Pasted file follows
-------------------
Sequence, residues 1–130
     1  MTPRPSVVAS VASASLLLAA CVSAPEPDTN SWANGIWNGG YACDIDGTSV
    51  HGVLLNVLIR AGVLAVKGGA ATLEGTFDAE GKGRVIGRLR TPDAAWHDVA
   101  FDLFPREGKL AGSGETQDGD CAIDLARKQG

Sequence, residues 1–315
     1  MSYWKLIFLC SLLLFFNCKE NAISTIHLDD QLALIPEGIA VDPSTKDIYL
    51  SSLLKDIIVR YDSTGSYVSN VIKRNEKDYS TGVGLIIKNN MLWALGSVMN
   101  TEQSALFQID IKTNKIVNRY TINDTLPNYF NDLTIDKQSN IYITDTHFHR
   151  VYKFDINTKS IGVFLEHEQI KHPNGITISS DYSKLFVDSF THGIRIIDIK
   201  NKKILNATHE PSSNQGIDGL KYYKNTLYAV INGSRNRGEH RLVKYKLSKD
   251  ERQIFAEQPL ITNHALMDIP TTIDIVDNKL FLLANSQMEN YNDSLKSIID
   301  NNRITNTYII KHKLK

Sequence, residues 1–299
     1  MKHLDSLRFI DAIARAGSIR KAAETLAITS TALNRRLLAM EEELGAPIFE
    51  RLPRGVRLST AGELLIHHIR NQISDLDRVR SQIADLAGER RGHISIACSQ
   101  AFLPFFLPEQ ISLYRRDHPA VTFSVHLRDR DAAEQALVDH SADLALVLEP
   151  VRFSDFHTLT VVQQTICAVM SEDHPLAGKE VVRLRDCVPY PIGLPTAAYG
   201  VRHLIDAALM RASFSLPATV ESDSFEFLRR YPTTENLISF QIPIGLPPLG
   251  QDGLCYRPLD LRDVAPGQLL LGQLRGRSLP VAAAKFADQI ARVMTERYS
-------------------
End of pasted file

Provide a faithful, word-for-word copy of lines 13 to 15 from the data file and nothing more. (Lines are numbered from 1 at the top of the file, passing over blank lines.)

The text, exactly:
Sequence, residues 1–299
     1  MKHLDSLRFI DAIARAGSIR KAAETLAITS TALNRRLLAM EEELGAPIFE
    51  RLPRGVRLST AGELLIHHIR NQISDLDRVR SQIADLAGER RGHISIACSQ